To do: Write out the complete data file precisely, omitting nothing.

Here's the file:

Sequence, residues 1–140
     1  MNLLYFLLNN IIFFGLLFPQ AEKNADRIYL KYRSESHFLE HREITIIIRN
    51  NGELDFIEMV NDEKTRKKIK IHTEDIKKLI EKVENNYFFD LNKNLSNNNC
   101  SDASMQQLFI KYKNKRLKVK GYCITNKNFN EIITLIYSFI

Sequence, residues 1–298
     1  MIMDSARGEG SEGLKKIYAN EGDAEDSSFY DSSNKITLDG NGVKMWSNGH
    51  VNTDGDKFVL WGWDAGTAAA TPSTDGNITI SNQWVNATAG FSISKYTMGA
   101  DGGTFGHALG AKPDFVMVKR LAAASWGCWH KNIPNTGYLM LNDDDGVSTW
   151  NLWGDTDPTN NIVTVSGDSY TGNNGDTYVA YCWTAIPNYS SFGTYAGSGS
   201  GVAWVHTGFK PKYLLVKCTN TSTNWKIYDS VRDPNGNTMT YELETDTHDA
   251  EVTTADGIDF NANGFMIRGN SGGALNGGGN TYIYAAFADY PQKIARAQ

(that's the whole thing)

Sequence, residues 1–140
     1  MNLLYFLLNN IIFFGLLFPQ AEKNADRIYL KYRSESHFLE HREITIIIRN
    51  NGELDFIEMV NDEKTRKKIK IHTEDIKKLI EKVENNYFFD LNKNLSNNNC
   101  SDASMQQLFI KYKNKRLKVK GYCITNKNFN EIITLIYSFI

Sequence, residues 1–298
     1  MIMDSARGEG SEGLKKIYAN EGDAEDSSFY DSSNKITLDG NGVKMWSNGH
    51  VNTDGDKFVL WGWDAGTAAA TPSTDGNITI SNQWVNATAG FSISKYTMGA
   101  DGGTFGHALG AKPDFVMVKR LAAASWGCWH KNIPNTGYLM LNDDDGVSTW
   151  NLWGDTDPTN NIVTVSGDSY TGNNGDTYVA YCWTAIPNYS SFGTYAGSGS
   201  GVAWVHTGFK PKYLLVKCTN TSTNWKIYDS VRDPNGNTMT YELETDTHDA
   251  EVTTADGIDF NANGFMIRGN SGGALNGGGN TYIYAAFADY PQKIARAQ